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Books on Iraq

Update No: 089 - (26/08/10)

Maliki’s last stand
Maliki’s chance of being reconfirmed as Prime Minister seem slimmer and slimmer. The rival Shiite coalition of the Iraqi National Alliance has confirmed its opposition to Maliki, even if they confirm that they see an alliance with Maliki’s State of Law as their preferred option. There are indications that State of Law itself might be distancing from Maliki. Why does Maliki then insist on his own self-candidature? He says that any alternative candidate would face even greater opposition by this or that faction, but probably what he hopes is that Iranian pressure to have an all-Shiite alliance would prevail over the objections of the Iraqi National Alliance to his name. Even if the Alliance claims that it has other options available in terms of forming a coalition government, any alternative coalition would upset the Iranians, particularly at this point in time. Maliki is using his residual power as acting Prime Minister by hitting at personalities within the State of Law party who are not too friendly to him. He let the Minister of Electricity go in July and in August he sacked the Minister of Transport. Although in both cases there was some justification for the step taken, in the past Maliki had been willing to defend the members of his cabinet. Is this a warning to the State of Law? If so, it seems to be interpreted more as a bluff by Maliki’s fellow party members.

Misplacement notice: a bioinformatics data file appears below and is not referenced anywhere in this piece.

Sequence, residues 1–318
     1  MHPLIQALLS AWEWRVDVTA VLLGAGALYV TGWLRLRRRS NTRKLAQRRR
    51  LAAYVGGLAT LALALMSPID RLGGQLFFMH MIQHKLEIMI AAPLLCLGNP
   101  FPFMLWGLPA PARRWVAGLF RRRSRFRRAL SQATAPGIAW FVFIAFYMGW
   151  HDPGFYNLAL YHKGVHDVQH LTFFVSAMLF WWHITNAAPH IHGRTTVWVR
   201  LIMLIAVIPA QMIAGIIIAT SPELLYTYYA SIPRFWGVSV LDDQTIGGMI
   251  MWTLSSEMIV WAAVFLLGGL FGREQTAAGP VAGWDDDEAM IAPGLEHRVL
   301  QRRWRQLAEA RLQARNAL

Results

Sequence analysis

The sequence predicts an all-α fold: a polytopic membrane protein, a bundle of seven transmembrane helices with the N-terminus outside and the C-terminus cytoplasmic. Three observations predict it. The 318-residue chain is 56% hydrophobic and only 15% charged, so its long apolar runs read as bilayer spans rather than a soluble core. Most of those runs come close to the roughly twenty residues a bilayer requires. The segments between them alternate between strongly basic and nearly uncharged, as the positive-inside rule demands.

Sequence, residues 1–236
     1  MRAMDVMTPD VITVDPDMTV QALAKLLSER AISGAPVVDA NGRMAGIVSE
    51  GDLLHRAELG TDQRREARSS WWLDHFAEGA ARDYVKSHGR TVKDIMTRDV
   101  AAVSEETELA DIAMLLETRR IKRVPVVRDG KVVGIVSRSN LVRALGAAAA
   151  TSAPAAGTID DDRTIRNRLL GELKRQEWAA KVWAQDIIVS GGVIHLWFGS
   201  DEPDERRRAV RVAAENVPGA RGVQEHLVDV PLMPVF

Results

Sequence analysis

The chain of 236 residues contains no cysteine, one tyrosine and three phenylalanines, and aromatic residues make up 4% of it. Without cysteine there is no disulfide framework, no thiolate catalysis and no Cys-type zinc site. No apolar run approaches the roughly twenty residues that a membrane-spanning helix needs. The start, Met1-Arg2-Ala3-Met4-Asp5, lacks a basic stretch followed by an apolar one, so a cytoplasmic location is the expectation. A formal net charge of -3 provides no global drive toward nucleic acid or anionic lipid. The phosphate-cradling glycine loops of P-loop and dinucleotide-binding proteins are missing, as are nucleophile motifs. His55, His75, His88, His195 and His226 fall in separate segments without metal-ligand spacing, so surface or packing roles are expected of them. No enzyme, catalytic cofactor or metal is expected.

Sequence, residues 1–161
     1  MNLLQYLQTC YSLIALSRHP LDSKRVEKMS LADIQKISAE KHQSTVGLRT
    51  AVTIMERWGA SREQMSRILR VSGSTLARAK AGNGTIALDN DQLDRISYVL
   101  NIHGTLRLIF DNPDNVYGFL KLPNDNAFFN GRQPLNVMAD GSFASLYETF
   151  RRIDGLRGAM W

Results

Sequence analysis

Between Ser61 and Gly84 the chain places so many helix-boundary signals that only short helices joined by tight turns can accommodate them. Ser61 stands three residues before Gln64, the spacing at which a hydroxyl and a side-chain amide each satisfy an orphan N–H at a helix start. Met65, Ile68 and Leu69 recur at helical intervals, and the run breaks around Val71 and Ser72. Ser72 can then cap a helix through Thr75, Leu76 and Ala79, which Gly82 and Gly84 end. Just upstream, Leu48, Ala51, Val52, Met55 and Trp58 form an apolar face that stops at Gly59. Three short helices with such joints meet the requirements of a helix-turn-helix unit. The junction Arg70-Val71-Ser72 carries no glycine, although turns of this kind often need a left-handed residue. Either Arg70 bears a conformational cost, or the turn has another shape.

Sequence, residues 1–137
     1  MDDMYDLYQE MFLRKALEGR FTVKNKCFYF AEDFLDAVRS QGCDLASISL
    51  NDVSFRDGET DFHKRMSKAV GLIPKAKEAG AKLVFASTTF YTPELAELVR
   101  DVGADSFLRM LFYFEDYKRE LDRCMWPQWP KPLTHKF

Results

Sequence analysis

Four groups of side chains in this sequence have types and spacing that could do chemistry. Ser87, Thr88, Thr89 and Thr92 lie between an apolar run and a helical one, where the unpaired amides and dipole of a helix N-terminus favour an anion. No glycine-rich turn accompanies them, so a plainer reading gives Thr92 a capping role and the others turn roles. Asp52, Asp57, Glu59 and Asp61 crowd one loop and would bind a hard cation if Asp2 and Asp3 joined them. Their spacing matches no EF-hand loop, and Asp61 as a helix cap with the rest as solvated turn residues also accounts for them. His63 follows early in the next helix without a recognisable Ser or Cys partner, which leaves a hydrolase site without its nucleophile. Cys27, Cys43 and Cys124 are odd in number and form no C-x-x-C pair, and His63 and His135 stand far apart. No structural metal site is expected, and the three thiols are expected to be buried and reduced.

Al-Qaida has another try
Perhaps encouraged by the on-going American troops withdrawal and by the fraying of Sunni support for the status quo, Al-Qaida is allegedly trying to re-establish itself among the Sunnis with both an enhanced anti-Shiite terrorist campaign and offers of cash; some ‘Sons of Iraq’ reportedly have already switched sides back to Al-Qaida. Are the Sunni militia leaders exaggerating the threat? Possibly, but the fear of unrestrained Shiite dominance is felt seriously by many Sunnis. An Iranian influenced government would probably insist on a final American withdrawal and rather quickly too – where would that leave the Sunnis? Lieutenant General Babakir Zebari, Iraq's senior military officer, wants the Americans to maintain a presence until 2020, because he does not believe the Iraqi armed forces can hold their own. Is he worried about Al-Qaida? Considering that Iraq has now 440,000 police and 220,000 soldiers, that seem unlikely. The problem is whether the uneasy coalition shaped by the Americans with ‘carrot and stick’ is likely or not to hold.

Brotherhood with Iran flourishes
Iraq is definitely bucking the world trend in terms of relations with Iran. The Iraqi government has agreed to the plan to build an Iran-Syria gas pipeline through its territory, a project which is now moving to the stage of the technical feasibility study. Trade between the two countries is now flourishing and stands at about US$7 billion a year, with little sign of any impact of sanctions. By contrast, American funds are beginning to dry up. US$400 million of aid money has been cut by congress, as well as US$1 billion of military aid. These cuts will not be offset by increased oil production for some time; new reserves are being discovered, like two 2-billion bpd fields in Kurdistan, announced by a South Korean firm in August, but investment in the industry is still flowing slowly. 



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